Mustard museum makes demands of Russia — RT World News


Commentators were shocked when the museum allegedly removed Russian mustards from its shelves

Midwestern mustard lovers hoping to see rare Russian condiments are out of luck, as the National Mustard Museum in Middleton, Wis., apparently no longer displays Russian mustards. According to a photo circulating online, the museum will only return the spicy dressings once Russia “recognizes and respects the sovereign nation of Ukraine.”

“Russian mustards have been temporarily removed. They will return once the invasion of Ukraine is over and Russia recognizes and respects the sovereign nation of Ukraine,” he added. read a sign apparently seen at the museum and posted online on Sunday.

An empty display area can be seen behind the sign, where the Russian mustards presumably were. The museum has not commented publicly or confirmed the decision on social media.

Russian forces entered Ukraine in late February as part of a large-scale military operation that Russian President Vladimir Putin says is aimed at neutralizing and “denazifying” the country. Russian forces have regularly taken large swaths of Ukrainian territory, and several rounds of peace talks aimed at resolving the conflict have so far failed to yield results.

The museum’s move was widely mocked online. Commentators sarcastically joked that this, and not banking bans and energy embargoes, would be the sanction that would ultimately remove Russian President Vladimir Putin from power.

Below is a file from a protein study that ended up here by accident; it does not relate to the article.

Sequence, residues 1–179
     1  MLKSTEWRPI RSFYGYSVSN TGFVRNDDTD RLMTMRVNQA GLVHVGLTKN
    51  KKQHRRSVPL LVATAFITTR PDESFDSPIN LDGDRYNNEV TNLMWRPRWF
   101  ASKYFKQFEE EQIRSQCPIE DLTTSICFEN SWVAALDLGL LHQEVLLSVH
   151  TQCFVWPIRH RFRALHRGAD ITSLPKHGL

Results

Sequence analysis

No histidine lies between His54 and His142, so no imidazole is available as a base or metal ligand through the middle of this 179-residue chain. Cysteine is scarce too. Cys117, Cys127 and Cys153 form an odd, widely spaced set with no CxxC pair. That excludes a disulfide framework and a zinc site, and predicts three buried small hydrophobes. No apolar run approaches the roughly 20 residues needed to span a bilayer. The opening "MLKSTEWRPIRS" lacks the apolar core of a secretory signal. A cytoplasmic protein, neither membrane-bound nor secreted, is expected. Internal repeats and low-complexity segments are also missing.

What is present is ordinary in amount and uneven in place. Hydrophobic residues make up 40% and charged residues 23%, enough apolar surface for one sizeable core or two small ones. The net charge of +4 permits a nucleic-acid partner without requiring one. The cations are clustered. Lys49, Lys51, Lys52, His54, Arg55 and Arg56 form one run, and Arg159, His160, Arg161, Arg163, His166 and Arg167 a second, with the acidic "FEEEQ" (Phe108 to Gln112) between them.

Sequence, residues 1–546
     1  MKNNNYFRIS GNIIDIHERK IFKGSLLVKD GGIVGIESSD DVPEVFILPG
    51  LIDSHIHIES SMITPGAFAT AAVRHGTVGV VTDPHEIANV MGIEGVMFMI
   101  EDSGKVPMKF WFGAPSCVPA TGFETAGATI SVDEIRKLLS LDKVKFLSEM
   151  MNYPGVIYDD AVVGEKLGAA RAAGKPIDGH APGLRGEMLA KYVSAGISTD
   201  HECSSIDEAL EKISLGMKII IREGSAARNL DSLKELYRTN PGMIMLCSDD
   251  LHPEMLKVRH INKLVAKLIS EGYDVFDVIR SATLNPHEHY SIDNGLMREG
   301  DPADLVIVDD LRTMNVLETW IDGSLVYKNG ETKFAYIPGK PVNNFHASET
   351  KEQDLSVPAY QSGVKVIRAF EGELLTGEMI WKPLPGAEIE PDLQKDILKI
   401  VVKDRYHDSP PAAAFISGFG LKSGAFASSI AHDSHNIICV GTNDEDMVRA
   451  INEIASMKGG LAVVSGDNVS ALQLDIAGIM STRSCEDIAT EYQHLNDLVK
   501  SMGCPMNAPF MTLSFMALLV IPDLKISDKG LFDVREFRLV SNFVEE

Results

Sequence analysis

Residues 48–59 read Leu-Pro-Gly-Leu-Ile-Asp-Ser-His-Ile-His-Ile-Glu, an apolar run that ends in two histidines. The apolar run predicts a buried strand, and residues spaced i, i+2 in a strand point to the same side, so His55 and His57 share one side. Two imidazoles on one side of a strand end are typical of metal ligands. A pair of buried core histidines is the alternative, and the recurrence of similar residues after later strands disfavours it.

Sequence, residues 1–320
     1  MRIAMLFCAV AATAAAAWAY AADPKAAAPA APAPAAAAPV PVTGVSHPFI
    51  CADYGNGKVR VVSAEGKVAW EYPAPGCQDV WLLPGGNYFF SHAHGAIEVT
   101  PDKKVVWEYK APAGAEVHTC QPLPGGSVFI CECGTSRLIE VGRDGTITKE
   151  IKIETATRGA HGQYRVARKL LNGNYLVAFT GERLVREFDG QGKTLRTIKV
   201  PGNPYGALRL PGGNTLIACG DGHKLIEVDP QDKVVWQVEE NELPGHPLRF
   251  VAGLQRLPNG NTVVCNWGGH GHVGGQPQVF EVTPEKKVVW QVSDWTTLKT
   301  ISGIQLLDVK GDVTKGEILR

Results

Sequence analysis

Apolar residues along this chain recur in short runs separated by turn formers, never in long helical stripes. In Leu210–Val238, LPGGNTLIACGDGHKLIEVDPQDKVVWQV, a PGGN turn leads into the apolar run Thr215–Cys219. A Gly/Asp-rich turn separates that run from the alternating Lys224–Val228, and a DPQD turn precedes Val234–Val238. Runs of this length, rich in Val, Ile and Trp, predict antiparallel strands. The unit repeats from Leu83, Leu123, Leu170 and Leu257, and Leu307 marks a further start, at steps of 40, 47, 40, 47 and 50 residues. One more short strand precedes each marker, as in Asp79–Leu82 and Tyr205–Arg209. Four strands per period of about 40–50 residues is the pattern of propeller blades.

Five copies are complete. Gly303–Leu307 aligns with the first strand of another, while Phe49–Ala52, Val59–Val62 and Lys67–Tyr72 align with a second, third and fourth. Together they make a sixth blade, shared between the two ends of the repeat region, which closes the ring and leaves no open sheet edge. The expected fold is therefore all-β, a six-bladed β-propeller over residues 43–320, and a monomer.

Others were more surprised that the National Mustard Museum existed in the first place (it’s both a store and a museum, and was opened in 1992 by Wisconsin’s assistant attorney general, who left his post as attorney to amass a collection of over 6,000 mustards from 70 countries around the world).

The removal of Russian mustards recalls the “Freedom Fries” debacle of 2003, in which some American restaurants – and even three cafeterias in the House of Representatives on Capitol Hill – renamed “French Fries” to “Freedom Fries” in protest against France’s reluctance. participate in the invasion of Iraq.

“I’m old enough to remember ‘Freedom Fries’, and how there was near consensus among everyone of all political stripes, except the most annoying right-wing morons it was f* ****g silly,” a commentator wrote “Now everyone is like that.”

Yet Russian mustards are not the only victims of the current wave of anti-Russian sentiment sweeping the West. Concert halls canceled performances of Tchaikovsky’s music and banned Russian artists, restaurants in Europe reportedly refuse to serve Russian customers, and the International Cat Federation has banned Russian-bred and owned cats from its shows.

Harsh economic sanctions have also been imposed on Moscow by the EU and US governments, while dozens of private companies have voluntarily halted all trade with Russia.

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